Last summer, just as the fidget spinner craze was cresting, a glossy spin on the trend hit the internet. The Glamspin is a fidget spinner, the virally popular toy for distracted hands, but with pots of lip gloss appended to the end of each lobe. Voila! Glamspin wrung a little extra life out of the fad, and the $10 impulse item was a best-seller upon its release.
This kind of genius is not an accident, though: The Glamspin was conceived for the teen-oriented Taste Beauty by employees of BuzzFeed Commerce after they saw that many people reading articles about fidget spinners on the site were also clicking on articles about lip gloss.
Fast forward a year, and BuzzFeed has created a new line of business out of generating insights for brands, and helping them develop products and solve business challenges: BuzzFeed Partner Innovation.
The name might not be profound (or clever), but the challenges that this division of BuzzFeed Commerce is designed to address are. Traditional brands have lost their way between Amazon on one end and Instagram on the other, and those that realize this are increasingly experimenting with how to create products to respond to consumer trends more quickly and reach their audiences directly.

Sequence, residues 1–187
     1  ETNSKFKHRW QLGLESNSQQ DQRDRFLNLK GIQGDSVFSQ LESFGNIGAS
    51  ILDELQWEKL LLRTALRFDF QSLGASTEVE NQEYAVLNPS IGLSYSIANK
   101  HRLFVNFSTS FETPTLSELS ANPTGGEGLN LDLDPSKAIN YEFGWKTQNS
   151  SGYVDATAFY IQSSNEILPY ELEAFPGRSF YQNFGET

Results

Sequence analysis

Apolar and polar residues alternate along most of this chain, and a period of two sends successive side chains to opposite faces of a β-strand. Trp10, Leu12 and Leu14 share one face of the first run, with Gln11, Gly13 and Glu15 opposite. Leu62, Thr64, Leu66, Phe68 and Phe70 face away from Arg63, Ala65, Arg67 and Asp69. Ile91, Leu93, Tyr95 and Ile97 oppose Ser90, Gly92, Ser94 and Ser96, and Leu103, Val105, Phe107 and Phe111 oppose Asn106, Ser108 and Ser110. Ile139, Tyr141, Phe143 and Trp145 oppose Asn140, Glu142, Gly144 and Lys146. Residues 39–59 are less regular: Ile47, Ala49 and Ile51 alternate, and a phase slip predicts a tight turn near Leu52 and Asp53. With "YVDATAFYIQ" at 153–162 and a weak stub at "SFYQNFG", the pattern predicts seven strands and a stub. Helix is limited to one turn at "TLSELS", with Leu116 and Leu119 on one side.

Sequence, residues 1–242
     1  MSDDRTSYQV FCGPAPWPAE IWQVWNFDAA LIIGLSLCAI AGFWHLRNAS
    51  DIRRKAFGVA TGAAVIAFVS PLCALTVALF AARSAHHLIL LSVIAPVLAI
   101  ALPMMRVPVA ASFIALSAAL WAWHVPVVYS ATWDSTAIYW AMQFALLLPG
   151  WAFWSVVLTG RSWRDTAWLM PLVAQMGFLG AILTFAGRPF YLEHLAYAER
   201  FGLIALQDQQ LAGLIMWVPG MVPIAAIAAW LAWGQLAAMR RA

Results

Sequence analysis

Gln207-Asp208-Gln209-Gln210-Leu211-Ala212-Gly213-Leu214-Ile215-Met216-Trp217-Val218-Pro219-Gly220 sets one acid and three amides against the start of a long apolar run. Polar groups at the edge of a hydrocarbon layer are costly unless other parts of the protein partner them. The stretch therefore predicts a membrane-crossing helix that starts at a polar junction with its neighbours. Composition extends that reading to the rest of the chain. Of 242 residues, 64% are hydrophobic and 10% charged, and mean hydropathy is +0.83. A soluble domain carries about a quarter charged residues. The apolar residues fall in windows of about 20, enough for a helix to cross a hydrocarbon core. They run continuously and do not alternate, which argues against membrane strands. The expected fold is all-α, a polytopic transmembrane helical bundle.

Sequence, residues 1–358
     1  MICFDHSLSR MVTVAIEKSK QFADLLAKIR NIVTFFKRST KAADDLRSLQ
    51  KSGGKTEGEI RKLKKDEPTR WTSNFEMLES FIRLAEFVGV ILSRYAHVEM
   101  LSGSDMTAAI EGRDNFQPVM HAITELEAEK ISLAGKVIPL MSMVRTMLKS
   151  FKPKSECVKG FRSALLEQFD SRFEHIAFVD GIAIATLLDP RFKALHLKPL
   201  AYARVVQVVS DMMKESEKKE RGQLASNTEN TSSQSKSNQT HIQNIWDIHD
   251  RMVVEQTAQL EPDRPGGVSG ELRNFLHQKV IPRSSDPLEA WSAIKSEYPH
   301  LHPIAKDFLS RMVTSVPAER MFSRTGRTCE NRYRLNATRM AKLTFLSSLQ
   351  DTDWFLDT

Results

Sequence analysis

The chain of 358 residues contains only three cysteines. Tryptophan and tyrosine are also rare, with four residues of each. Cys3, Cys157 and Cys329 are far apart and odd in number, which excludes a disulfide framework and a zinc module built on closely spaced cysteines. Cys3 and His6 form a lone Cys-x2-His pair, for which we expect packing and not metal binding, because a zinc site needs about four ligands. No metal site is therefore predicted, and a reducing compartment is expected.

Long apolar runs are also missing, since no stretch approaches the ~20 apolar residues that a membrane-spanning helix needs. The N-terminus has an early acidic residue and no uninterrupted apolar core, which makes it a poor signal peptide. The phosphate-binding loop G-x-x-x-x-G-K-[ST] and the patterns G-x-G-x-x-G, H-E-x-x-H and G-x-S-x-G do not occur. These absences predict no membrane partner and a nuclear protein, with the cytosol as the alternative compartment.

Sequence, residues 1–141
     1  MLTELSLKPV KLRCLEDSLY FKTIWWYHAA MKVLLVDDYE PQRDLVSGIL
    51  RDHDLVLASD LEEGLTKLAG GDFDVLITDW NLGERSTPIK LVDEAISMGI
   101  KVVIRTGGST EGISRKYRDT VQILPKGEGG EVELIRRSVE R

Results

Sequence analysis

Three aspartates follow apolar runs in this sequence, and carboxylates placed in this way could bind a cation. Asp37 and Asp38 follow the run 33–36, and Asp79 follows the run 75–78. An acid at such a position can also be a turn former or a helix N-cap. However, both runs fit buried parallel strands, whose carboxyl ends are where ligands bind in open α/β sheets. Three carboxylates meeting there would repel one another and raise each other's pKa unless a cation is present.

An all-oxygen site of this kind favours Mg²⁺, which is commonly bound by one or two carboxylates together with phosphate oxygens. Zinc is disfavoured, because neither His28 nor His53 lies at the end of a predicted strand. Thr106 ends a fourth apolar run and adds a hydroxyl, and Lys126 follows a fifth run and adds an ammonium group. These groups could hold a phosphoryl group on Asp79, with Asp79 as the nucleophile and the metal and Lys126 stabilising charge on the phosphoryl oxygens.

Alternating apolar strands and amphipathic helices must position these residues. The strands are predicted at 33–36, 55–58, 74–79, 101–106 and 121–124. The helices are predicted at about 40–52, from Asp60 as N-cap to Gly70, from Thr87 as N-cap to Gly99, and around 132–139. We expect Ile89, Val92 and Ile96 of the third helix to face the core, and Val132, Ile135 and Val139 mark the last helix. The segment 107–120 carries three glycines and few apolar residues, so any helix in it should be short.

For BuzzFeed, of course, the issues are no less significant. Amid increasing pressure for digital media brands to generate revenue from unexpected sources, consulting is a potentially rich source of high-margin income for BuzzFeed, which reportedly missed its revenue target by 15% to 20% and cut 8% of its staff in 2017.
Partner Innovations, has quietly been providing services to companies since last August, from lawn-care giant Scotts Miracle Gro to cosmetics brand Maybelline, and is overseen by two pioneers in digital commerce. Ben Kaufman, who runs BuzzFeed Commerce, joined the company in 2016 to start the division after having built the crowdsourced products startup Quirky, which is best remembered for its internet-connected egg tray (and perhaps also for Kaufman having raised $185 million only to see Quirky sell for $15 million in a bankruptcy sale). His partner, Jake Bronstein, made his name off the wildly popular desktop fidget toy (and consumer safety hazard) Buckyballs, and then he followed that up with an early crowdfunded hit in Flint & Tinder American-made apparel.